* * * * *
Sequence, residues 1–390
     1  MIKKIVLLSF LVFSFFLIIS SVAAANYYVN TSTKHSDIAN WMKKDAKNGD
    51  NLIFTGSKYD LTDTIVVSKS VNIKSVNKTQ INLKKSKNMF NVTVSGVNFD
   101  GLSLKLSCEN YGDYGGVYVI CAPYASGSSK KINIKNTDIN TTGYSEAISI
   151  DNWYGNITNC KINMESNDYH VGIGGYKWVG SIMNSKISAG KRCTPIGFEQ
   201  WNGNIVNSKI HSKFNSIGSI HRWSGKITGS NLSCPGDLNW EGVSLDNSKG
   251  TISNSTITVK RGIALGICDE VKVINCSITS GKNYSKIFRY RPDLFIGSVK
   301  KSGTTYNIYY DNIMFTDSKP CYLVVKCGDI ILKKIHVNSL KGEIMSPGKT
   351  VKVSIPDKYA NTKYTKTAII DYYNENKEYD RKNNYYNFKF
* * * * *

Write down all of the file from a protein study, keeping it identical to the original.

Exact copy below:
Sequence, residues 1–390
     1  MIKKIVLLSF LVFSFFLIIS SVAAANYYVN TSTKHSDIAN WMKKDAKNGD
    51  NLIFTGSKYD LTDTIVVSKS VNIKSVNKTQ INLKKSKNMF NVTVSGVNFD
   101  GLSLKLSCEN YGDYGGVYVI CAPYASGSSK KINIKNTDIN TTGYSEAISI
   151  DNWYGNITNC KINMESNDYH VGIGGYKWVG SIMNSKISAG KRCTPIGFEQ
   201  WNGNIVNSKI HSKFNSIGSI HRWSGKITGS NLSCPGDLNW EGVSLDNSKG
   251  TISNSTITVK RGIALGICDE VKVINCSITS GKNYSKIFRY RPDLFIGSVK
   301  KSGTTYNIYY DNIMFTDSKP CYLVVKCGDI ILKKIHVNSL KGEIMSPGKT
   351  VKVSIPDKYA NTKYTKTAII DYYNENKEYD RKNNYYNFKF